Adash of red on the dial works like a charm to make the watch feel just a bit sportier. I have no idea why this works so well, but when done correctly, a dab of red on an otherwise two-color watch dial instantly makes it look cooler. The red is placed in the 12 o’clock hour marker, and works so well because in the M100 dial design, it helps differentiate this hour marker position a bit more to help you visually orientate the dial when looking at it from an angle.
Over the dial is an AR-coated sapphire crystal – glare being a minimal issue (which is good). The M100’s steel case is water resistant to 100m (without a screw-down crown). I actually think the watch could have benefited from a screw-down crown. That would have made it a smidgen sportier, which would have positively fed the soldier fantasy a watch like this helps satisfy in the mind of the wearer. Anyway, only a few people will actually get this watch dirty enough that a screw-down crown would be of use.
Vertex sort of ruins the fantasy in the packaging, which is a black plastic Pelican-style case. These are literally the most common boxes for so many types of sport watches today. Since the Vertex M100 is supposed to be a WWII style watch, why not have packaging that would be era-correct? I sort of wanted to see it laying in a molded velvet pillow inside of a brightly printed paper box. This is their first watch, so I’ll try to be less of a finicky watch nerd. In reality, I very much enjoy this watch, find it appealing, but wanted the brand to have even more time and money to prepare for this launch by going all out with the theme. I’m totally subscribed to the notion that many of these toys are akin to toys (for older boys), so we want the fantasy to go from packaging to product.
Vertex includes both a soft black leather strap as well as a gray-colored NATO-style strap with the M100. Both are totally acceptable options, but also incredibly conservative in their look. Unless you really want a nondescript utility watch look, I would recommend immediately starting to experiment with putting the M100 on various colored straps (20mm lug distance).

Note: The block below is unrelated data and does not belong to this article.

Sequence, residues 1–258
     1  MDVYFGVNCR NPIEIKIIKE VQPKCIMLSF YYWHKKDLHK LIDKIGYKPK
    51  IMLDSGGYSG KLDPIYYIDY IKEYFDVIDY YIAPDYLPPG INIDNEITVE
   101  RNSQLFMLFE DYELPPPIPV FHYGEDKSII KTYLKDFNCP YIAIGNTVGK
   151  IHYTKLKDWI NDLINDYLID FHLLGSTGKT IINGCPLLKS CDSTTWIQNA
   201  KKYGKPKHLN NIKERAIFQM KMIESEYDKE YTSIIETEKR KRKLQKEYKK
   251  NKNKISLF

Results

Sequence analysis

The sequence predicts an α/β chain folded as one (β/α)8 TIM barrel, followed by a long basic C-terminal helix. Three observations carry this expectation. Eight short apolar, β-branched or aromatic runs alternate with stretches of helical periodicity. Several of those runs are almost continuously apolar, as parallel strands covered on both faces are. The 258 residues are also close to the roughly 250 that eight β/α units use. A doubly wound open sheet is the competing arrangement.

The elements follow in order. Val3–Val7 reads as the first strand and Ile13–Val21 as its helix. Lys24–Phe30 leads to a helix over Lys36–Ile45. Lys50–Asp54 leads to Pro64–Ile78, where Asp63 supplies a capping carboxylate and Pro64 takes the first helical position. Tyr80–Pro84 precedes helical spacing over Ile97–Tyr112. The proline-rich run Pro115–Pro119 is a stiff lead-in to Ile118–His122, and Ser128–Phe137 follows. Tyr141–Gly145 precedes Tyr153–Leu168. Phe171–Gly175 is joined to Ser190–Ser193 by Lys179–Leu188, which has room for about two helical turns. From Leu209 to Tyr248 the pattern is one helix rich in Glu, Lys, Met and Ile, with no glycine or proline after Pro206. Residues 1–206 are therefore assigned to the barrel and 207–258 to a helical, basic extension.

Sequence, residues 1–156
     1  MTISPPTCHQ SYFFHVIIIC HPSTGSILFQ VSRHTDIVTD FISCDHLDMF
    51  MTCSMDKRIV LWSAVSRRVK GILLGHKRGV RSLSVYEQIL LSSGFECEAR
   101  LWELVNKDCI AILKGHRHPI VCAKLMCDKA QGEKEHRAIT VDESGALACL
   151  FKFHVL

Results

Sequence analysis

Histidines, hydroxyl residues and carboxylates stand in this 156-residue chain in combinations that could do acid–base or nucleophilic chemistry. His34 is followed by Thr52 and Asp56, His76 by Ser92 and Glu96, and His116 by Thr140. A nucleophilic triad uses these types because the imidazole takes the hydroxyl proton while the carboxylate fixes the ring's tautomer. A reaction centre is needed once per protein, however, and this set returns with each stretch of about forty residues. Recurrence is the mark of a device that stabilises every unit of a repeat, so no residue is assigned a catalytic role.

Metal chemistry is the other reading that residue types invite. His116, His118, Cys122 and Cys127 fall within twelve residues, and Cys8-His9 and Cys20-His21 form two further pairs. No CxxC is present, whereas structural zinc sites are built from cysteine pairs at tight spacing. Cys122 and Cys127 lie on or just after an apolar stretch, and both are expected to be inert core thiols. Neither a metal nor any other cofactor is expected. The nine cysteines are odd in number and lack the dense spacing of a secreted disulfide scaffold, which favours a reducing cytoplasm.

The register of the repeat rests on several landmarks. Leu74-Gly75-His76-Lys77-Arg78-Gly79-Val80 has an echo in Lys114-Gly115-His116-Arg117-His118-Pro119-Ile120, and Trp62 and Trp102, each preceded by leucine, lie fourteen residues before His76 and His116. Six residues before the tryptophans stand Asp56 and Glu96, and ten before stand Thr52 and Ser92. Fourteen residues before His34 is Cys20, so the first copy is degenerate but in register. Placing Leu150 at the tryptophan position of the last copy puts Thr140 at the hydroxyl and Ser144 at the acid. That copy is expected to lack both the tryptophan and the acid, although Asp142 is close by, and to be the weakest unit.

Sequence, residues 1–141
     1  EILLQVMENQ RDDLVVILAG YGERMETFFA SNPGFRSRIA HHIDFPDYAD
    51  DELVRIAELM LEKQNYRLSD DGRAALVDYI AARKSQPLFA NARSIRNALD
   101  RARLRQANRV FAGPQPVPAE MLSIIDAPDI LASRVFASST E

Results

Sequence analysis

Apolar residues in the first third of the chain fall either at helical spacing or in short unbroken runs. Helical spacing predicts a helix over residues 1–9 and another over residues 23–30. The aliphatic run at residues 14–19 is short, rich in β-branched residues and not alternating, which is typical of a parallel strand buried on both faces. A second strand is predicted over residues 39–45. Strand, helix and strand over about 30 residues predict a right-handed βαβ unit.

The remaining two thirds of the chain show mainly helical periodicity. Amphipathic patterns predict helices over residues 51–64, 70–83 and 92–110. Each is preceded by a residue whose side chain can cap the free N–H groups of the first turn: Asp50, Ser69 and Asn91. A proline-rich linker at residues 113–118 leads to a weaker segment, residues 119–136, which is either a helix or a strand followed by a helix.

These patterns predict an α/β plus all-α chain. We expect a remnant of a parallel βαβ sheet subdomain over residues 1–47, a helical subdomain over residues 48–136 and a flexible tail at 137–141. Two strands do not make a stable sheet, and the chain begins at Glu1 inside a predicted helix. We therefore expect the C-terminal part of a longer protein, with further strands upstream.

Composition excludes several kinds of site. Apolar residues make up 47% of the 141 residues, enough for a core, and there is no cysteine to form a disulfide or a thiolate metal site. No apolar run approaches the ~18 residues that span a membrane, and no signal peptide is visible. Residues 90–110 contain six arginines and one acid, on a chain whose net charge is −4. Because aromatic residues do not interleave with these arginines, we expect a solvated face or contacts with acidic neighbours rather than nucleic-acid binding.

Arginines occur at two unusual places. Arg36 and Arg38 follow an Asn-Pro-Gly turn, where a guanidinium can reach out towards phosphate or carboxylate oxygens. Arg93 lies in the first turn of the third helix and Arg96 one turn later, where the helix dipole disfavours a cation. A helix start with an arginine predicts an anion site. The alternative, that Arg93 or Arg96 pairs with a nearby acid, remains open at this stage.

Vertex is planning on making future watches, which is a good thing since I feel as though the limited edition of 600 pieces M100 is a great start and a timepiece that will make a lot of watch guys happy. Something a bit weird (but not bad in my opinion) is how Vertex is going about selling the M100. Basically, if you want to buy one, you need to know someone who has one. Owners have a code that they can give out if someone else wants one. About a third of the M100 pieces are sold out. That might sound a bit pretentious and elitist, but Vertex has noble intentions.
Cochrane admits this “referral” sales system might perk some eyebrows – it isn’t about the brand trying to be exclusionary. More so, he feels that it will help Vertex watches stay with watch guys. The idea is that watch collectors know and mingle with other watch collectors. Thus, to keep the relatively limited set of several hundred watches in a like-minded community, Vertex is trying to make sure all the owners are only separated by a few degrees of social connection. Cochrane also admits this strategy is an experiment – but it seems to be working so far. Price for the Vertex M100 watch is £2,500. vertex-watches.com
>Model: M100 Limited Edition
>Size: 40mm wide
>Would reviewer personally wear it: Yes.
>Friend we’d recommend it to first: British military history watch fan, or anyone who loves the idea of wearing a new, high-end version of a mid century pedestrian soldier’s watch design.
>Best characteristic of watch: Good emulation of the past in a modern package. Heartfelt brand story but proof of pudding is in the execution of the final product, which is quite impressive. Molded Super-LumiNova hour markers continue to delight.
>Worst characteristic of watch: Price combined with “newer” brand status will make value proposition challenging for some to swallow. Not everyone will be a fan of the “need to know someone” style of buying a watch either.